ABJ Article: Ravaged by red tape

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Ellen Troxclair
Posts: 40
Joined: Tue Jan 13, 2015 1:26 pm

ABJ Article: Ravaged by red tape

Post by Ellen Troxclair »

Council Members,

I wanted to share this article from the Austin Business Journal for you to read when you get a chance. I would like to have a discussion with our Planning and/or Legal staff about this case. If other members are interested, this could be done during a work session or executive session as soon as practicable.

Thank you,
Ellen Troxclair

Ravaged by red tape - One couple's fight to renovate their home
How a house in East Austin became alleged to be ‘the epitome of misuse of administrative and regulatory power

Jan Buchholz
Senior Staff Writer- Austin Business Journal

Toria and Blake English moved to Austin in 2010 with the expectation that the Texas capital would be a much better place than San Francisco to raise a family — both from a cultural and financial standpoint.

Less than five years later, those hopes and dreams have evaporated in a sea of legal fees that exceed $80,000 and continue to add up daily — plus the specter of possibly being prosecuted as criminals.

And it’s all because they wanted to renovate their new Austin home.

The couple is embroiled in a dispute with the city over about $100,000 in improvements they made to their cute Antebellum-style house at 1307 Waller St. in East Austin.

Because the issues are now at the center of a lawsuit filed by the English family, no one from the city of Austin would comment for this article — though Austin Business Journal contacted public information officers at three divisions: Austin Energy, Development Services and Austin Code Department.

The overarching question behind the English family’s tale is one that has been raised repeatedly in recent years — are the city of Austin’s planning and building review processes antiquated, unwieldy and costly beyond reason?

Many businesses have been saying “yes” to that question for a long time, and ABJ has repeatedly documented those concerns in print and online articles.

The English family’s story shows how something as modest as a residential remodeling project can end up fraught with missteps and mishaps — even when a homeowner is diligent and receives the necessary permits. An individual homeowner fully intent on playing by the rules has little hope of getting a fair shake, Toria English alleges.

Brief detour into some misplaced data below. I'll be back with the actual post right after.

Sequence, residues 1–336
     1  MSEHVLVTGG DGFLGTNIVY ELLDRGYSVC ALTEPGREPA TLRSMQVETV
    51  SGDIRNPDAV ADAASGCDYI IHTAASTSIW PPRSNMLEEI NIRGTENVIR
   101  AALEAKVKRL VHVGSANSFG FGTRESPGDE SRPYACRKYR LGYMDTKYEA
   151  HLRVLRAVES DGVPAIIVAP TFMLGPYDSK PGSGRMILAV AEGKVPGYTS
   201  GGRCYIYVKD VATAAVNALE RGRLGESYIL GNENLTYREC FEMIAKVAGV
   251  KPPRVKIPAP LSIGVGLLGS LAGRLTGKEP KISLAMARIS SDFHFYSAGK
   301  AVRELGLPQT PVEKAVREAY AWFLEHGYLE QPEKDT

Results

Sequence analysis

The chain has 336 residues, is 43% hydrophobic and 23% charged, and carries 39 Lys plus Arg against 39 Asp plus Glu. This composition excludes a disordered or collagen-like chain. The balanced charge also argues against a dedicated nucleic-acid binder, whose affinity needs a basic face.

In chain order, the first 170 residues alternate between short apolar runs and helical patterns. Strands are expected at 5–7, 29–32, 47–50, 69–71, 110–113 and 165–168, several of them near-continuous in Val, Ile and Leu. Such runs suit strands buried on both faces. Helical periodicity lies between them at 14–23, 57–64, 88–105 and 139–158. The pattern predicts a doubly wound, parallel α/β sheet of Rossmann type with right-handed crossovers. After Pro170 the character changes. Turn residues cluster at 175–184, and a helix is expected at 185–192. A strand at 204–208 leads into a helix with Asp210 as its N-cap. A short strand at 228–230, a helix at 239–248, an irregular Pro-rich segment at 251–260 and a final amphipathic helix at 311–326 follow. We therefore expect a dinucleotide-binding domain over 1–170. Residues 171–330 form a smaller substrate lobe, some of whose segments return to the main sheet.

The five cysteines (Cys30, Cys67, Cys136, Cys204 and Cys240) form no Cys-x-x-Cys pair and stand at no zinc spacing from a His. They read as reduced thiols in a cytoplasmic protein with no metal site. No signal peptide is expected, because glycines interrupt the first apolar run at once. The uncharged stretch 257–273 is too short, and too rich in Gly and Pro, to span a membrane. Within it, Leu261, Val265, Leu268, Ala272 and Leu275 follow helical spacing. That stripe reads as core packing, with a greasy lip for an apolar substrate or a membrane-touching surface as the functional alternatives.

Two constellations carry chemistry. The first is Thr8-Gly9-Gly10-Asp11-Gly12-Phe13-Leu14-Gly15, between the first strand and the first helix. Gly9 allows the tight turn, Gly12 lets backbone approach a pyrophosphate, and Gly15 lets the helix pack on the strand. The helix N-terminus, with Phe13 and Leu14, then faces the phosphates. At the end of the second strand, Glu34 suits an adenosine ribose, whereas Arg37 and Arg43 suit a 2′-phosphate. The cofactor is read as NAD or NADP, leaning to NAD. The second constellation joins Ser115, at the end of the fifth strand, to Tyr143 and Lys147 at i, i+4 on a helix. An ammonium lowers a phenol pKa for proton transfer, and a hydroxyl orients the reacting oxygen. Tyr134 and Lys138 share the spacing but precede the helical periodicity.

Arriving with anticipation

“We moved to Austin in 2010 when we were expecting our second child,” she said, her eyes brimming with tears as she recounts the relocation and failed attempt at starting afresh in a vibrant city.

On this day in mid-October, Toria English is meeting with her attorney, Neal Meinzer of Taube Summers Harrison Taylor Meinzer Brown LLP in downtown Austin. The meeting comes after a three-hour drive from Houston where she and her husband Blake, an executive with Silicon Valley Bank, live now with their two children, ages 6 and 4.

She said she wants to tell her story to impart a sense of how the city’s intensely criticized development and review departments are allegedly harming average homeowners — coming at a time when Austin has vaulted to the top of many national best places to live and work lists.

It was some of those stellar reviews that factored into decision by the English family to make Austin their adopted home.

“We wanted to live here where I could stay home with our kids and focus on our family. We’d never been to Texas before but Austin had a good reputation,” English said.

The couple settled on a modest house in a quaint neighborhood a short jaunt from I-35. Surrounded by other homes tucked closely together underneath a canopy of mature shade trees, the area seemed like a little slice of heaven. It felt cozy and safe but with an interesting mix of culture that’s lacking in other areas of town.

“We looked at a lot of different neighborhoods, but we wanted a diverse neighborhood and to be close in,” English said.

The three-bedroom house Toria and her husband purchased was the first they’d ever owned. It’s unknown what the couple paid for the house, though documents filed with the Travis County Clerk’s office indicate they obtained a loan for $410,000 secured by the property.

It almost appears as a historic renovation, but the house was a new-build — just with plenty of character.

“It was adorable,” she said.

The nightmare begins

After they moved in, the couple moved forward with building a small swimming pool. They picked the house on Waller Street in large part because it provided enough of a yard to handle the project.

Two years after the pool was completed and passed inspections, the English family decided to convert the garage into an apartment for an aging grandparent.

That decision led to a series of outcomes — and monumental expenses — English said she could never have imagined.

The garage conversion never happened. Before the city would approve plans for the project in February 2013, the couple was required to construct two new parking spaces on their property to make up for the loss of the garage.

The costs and hassles of adding those parking spaces diminished their enthusiasm for the bigger project.

English spent hours with her toddlers in tow waiting in line at city offices, talking with staff at the Development Assistance Center — in person, on the phone and via email — verifying plans and permits and dealing with unexpected circumstances, including an unmapped electrical manhole cover buried under landscaping that had to be addressed as part of the driveway approach.

English was told by Austin Energy that an upgraded pull-box cover would have to be installed at her expense — $3,700. The couple completed the work Austin Energy required and finally, on Sept. 11, 2013, the parking spaces passed city inspections.

She barely had a few minutes to sigh with relief when an Austin code compliance officer showed up at the door.